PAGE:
Hey, guys. For the next couple of videos, we're already talking about projectile motion. This is a super important topic in physics you absolutely will need to know how to solve problems for. Now there's a lot of different variations of problems in projectile motion and it might seem that there are different ways to solve them. So what I'm going to show you in this video is I'm going to introduce the main types of projectile motion that you'll see, and I'm going to show you that to solve them, we're just going to use equations that we've already seen before. So let's check it out.

Projectile motion is going to happen whenever you take an object and you throw it, and it moves in 2 dimensions, that's the important part, under the influence of only gravity. So we've actually seen something similar to this before when we studied 1-dimensional vertical motion. If you take an object and you throw it straight up, then it comes straight back down along the same direction that you threw it, because it's under the influence of only gravity. It just moves purely up and down.

What's different about projectile motion is that we're not going to throw something up and down. We're going to give it some sideways velocity, whether we're throwing it perfectly horizontal, downwards, or upwards. These are really the main types that you might see. But because we're giving it some sideways velocity, it doesn't just go up and down. Instead, it goes to the side while also falling because, just like in vertical motion, it's still under the influence of only gravity.

So because it's moving sideways and up and down, it takes these 2-dimensional parabolic paths. Some other examples that you might see are where you throw something downwards or even upwards. So you might see situations where it returns to the same height, or it might go even to a lower height or even a higher height like this. But this is really it. These are all the different kinds of variations that you might see. All of your problems are going to fall into one of these categories.

So what's common through all of them is that the acceleration, and the only thing that's influencing this object, is just gravity that acts vertically downwards. So we have these 2-dimensional parabolic paths. So how do we solve problems? Well, remember, whenever we have physics problems in 2 dimensions, whether it's motion or vectors, we can always decompose them into 1-dimensional x and y parts, and it's no different for projectile motion.

So what we can do here is we can kind of break up this motion, this parabola into the x and y axis here. So imagine that we have this object here, let's call this point A, and it moves to the ground which is point B. And if we could only move along the x-axis, then what it would look like is even though this is taking a parabolic path like this, in the x-axis, this object just moves from a to b like this. Now it's also moving in the y-axis. So from a, it's also falling under the influence of gravity like this.

So it's really just doing two of these motions, at the same time, and that's why it looks like a parabola. We can actually do this for any other motion. I'm just going to pick one over here. So like for instance, from a, and then it goes up to some point. Let's call that B. Then it goes back down again. Let's call that point C. We can just take this and break it up into its two one-dimensional parts in the X and Y. So if you only could move along the X-axis, then in the X-axis, you would just go from a to b to c like this.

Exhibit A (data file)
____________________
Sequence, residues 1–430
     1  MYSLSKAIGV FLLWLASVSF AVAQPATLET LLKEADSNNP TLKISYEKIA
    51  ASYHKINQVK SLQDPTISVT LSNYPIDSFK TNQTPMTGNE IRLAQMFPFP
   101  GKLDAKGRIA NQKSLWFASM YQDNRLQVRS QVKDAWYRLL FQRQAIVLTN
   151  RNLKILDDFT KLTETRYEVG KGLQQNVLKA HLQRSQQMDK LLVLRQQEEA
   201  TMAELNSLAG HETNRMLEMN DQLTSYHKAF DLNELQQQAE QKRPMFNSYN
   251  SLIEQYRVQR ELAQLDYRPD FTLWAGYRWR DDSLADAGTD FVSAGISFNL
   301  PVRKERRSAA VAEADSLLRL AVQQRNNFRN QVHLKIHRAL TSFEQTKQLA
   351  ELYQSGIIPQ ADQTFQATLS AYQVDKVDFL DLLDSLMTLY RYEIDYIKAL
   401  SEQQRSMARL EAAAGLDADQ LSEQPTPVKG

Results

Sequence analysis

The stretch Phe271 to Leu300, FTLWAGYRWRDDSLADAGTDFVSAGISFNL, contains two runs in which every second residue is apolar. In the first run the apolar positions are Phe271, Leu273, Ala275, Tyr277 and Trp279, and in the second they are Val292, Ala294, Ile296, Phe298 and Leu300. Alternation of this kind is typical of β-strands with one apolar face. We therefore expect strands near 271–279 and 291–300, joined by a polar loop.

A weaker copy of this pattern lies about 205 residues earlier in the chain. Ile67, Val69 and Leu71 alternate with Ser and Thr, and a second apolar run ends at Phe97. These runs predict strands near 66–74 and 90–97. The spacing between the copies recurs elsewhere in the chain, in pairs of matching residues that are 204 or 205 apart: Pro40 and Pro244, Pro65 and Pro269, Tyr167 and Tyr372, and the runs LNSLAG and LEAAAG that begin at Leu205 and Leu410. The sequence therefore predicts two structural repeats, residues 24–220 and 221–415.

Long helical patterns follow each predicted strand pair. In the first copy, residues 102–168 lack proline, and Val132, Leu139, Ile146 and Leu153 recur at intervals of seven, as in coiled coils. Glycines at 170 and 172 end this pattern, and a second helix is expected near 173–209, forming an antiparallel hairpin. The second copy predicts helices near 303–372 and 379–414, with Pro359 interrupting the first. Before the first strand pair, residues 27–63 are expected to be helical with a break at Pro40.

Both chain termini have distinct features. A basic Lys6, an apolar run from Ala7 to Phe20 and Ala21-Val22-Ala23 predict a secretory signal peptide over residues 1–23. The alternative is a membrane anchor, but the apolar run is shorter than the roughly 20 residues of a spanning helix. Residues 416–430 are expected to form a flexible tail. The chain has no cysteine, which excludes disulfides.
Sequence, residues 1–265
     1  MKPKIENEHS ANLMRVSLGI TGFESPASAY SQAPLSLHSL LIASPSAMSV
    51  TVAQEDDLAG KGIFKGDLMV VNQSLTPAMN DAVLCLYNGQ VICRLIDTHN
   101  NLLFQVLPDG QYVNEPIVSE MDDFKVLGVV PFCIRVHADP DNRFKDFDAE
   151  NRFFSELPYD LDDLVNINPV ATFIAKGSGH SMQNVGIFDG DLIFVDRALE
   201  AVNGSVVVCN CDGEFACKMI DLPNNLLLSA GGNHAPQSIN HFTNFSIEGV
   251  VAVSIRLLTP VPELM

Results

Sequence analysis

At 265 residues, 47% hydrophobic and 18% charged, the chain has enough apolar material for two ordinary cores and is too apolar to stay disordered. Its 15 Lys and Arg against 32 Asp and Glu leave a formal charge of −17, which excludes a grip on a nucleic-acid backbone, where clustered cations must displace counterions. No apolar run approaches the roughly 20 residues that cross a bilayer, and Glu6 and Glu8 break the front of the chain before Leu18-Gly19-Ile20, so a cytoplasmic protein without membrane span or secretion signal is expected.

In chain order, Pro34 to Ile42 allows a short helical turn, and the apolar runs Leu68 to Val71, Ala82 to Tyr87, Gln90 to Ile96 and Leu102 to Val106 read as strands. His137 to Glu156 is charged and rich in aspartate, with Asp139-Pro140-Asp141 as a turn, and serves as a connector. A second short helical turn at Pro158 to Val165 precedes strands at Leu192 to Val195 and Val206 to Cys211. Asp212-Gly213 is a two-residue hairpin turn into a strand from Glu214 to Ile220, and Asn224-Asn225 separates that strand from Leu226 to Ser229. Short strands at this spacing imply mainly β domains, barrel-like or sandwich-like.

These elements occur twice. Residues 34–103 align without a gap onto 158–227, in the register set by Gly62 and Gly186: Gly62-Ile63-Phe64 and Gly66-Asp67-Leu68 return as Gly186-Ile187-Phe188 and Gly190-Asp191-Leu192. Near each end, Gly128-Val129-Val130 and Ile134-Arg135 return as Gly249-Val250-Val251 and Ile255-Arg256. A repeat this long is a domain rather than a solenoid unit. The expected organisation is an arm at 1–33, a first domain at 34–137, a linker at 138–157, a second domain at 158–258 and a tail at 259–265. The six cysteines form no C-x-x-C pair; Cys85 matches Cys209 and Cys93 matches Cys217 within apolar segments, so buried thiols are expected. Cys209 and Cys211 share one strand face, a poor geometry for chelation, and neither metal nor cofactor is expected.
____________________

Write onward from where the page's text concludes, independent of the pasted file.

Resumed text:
In the Y-axis, if you could only move along the Y-axis, what this projectile would look like is it would go from a and then it would go up to b, and then it would go back down to c. So it would actually look a little bit like this motion over here. So really, it's just these two one-dimensional motions that are happening at the same time. Now why is this important? Because we take a look here, the only acceleration that this object experiences is just going to be in the Y-axis due to gravity.

So when it comes to these two one-dimensional motions, projectile motion is really just a combination of horizontal motion where the acceleration in the x-axis is equal to 0 and vertical motion where the acceleration in the Y-axis is equal to negative g. It's negative because we're always going to assume that up into the right is positive, and g acts downward, so it's negative.

Now why is this important? Because when it comes to the equations that we use for projectile motion, we're really just going to be using combinations of motion equations and vector equations. Now if the acceleration in the x-axis is equal to 0, that actually simplifies a lot of our four equations here because the acceleration terms will go away, and these equations actually aren't really helpful to us. In the third term, the acceleration term goes away, which means that the only equation that we're going to use in the x-axis for projectile motion is just our equation for constant velocity.

Now in the Y-axis, where you have some acceleration that isn't equal to 0, and it's actually equal to negative g, then we're just going to use our three to four equations of motion, and that's really it. And the other thing is because we're moving from one to one dimension to 2-dimensional motion, we're also just going to need some general vectors equations. That's really it, guys. There's nothing new that we haven't already seen before how to do. So let's go ahead and take a look at how to solve some problems.